Man in Missile Parts Export Scheme Sentenced
A tearful Portuguese businessman who said he had “shamed” his family was sentenced to a year and one day in prison Monday by a Los Angeles federal judge for involvement in a scheme to ship radar parts for the Hawk missile system from the United States to Iran.
“You have my word--the word of a man of honor--that you will never regret it if you allow me to go back to Portugal,” a sobbing Moises Broder told U.S. District Judge Harry L. Hupp before sentencing.
“I don’t disbelieve you,” responded Hupp, who also fined Broder $50,000, “but I have a larger responsibility. I am going to sentence you to discourage other foreign businessmen who might be lured by easy money.”
Broder, 47, of Lisbon was one of five Portuguese citizens indicted in February for allegedly conspiring to sell more than $600,000 worth of restricted parts for the Hawk missile system to Iran.
Carlos A. Ribeiro, 45, owner of a Sherman Oaks travel agency, and Eduardo G. Ojeda, 54, of Lisbon pleaded guilty with Broder to reduced charges last month. Ribeiro, who functioned as a translator during the scheme, was fined $10,000 and placed on three years’ probation. Ojeda faces sentencing next week.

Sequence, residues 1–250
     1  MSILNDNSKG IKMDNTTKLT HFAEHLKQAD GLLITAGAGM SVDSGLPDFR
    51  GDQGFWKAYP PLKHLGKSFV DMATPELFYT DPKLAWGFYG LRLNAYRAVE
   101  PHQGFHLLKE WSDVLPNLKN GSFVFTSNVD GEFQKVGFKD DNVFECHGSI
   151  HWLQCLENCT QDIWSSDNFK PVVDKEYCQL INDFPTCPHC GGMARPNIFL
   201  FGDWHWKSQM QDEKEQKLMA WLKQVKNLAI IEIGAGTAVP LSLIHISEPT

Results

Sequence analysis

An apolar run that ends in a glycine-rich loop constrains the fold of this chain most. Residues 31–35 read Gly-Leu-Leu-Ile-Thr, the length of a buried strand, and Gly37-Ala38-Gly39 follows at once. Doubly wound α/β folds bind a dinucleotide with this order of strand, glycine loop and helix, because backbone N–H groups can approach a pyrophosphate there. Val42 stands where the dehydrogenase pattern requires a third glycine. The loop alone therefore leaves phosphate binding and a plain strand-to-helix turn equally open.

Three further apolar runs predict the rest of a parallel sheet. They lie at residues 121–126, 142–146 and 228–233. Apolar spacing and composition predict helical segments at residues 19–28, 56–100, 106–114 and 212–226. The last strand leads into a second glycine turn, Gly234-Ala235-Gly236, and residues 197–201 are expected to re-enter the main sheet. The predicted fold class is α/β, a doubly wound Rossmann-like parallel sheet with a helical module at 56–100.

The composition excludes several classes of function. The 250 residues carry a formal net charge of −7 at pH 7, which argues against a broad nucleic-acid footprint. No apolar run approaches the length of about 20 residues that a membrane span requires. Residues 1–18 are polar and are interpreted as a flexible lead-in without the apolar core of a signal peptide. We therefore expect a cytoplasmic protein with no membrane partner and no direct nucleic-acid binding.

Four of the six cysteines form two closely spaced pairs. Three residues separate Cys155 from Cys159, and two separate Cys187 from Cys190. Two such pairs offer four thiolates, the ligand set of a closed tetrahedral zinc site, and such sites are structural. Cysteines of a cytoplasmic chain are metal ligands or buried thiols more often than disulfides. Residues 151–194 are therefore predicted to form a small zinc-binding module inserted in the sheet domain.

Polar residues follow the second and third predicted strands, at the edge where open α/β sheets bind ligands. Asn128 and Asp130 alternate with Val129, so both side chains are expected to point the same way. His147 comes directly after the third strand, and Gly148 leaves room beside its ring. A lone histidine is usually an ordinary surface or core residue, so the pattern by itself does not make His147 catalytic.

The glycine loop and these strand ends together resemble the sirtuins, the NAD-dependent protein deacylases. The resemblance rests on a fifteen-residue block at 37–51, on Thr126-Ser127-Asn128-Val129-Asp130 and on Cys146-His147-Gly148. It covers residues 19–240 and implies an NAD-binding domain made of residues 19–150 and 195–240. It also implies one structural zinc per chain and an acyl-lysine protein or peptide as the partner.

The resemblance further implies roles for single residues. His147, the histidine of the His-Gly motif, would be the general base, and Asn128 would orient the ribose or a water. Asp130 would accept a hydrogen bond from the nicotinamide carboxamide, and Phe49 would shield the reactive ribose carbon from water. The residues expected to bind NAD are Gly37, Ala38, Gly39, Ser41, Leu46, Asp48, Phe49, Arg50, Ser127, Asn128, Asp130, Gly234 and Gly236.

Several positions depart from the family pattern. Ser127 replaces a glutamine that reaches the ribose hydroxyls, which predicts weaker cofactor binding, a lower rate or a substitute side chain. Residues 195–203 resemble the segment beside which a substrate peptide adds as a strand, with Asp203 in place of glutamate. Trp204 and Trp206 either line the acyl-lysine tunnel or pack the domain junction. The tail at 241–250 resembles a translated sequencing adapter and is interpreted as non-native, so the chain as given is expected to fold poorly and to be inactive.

The two other defendants are believed to be in Portugal, and the United States is seeking their arrests, Assistant U.S. Atty. William F. Fahey said.
Broder has already served more than four months of his sentence in unusually luxurious surroundings. In an order opposed by the U.S. attorney’s office, a federal magistrate had earlier allowed him to reside in a Los Angeles condominium under guard so that he could continue to operate his business pending the outcome of his case.
Defense lawyers estimated that Broder will probably have to spend about three more months in custody before he is released. Hupp said he would recommend that Broder be placed in a minimum-security facility but ordered that he move out of his condominium and report to federal authorities within 24 hours.
“He’s been ensconced in a very luxurious condo setting,” said Fahey, who argued that Broder should serve a two-year prison term. “He is a very wealthy man. He was motivated by greed.”